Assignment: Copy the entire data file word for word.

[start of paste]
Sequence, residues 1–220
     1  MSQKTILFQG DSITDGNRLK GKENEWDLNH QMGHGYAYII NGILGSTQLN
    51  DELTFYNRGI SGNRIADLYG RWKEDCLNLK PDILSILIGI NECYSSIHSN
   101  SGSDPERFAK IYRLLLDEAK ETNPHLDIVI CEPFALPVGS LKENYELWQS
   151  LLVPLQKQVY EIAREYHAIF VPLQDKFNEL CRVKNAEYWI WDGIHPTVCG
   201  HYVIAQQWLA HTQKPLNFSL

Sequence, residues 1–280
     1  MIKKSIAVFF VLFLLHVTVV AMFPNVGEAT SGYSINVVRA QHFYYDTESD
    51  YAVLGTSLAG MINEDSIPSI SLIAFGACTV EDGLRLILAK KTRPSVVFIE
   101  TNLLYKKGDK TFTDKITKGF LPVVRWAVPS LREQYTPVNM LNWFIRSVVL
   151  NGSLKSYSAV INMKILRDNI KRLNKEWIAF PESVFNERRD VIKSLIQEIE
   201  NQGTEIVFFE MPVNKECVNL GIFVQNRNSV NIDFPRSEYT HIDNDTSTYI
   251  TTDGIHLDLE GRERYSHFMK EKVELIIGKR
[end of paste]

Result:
Sequence, residues 1–220
     1  MSQKTILFQG DSITDGNRLK GKENEWDLNH QMGHGYAYII NGILGSTQLN
    51  DELTFYNRGI SGNRIADLYG RWKEDCLNLK PDILSILIGI NECYSSIHSN
   101  SGSDPERFAK IYRLLLDEAK ETNPHLDIVI CEPFALPVGS LKENYELWQS
   151  LLVPLQKQVY EIAREYHAIF VPLQDKFNEL CRVKNAEYWI WDGIHPTVCG
   201  HYVIAQQWLA HTQKPLNFSL

Sequence, residues 1–280
     1  MIKKSIAVFF VLFLLHVTVV AMFPNVGEAT SGYSINVVRA QHFYYDTESD
    51  YAVLGTSLAG MINEDSIPSI SLIAFGACTV EDGLRLILAK KTRPSVVFIE
   101  TNLLYKKGDK TFTDKITKGF LPVVRWAVPS LREQYTPVNM LNWFIRSVVL
   151  NGSLKSYSAV INMKILRDNI KRLNKEWIAF PESVFNERRD VIKSLIQEIE
   201  NQGTEIVFFE MPVNKECVNL GIFVQNRNSV NIDFPRSEYT HIDNDTSTYI
   251  TTDGIHLDLE GRERYSHFMK EKVELIIGKR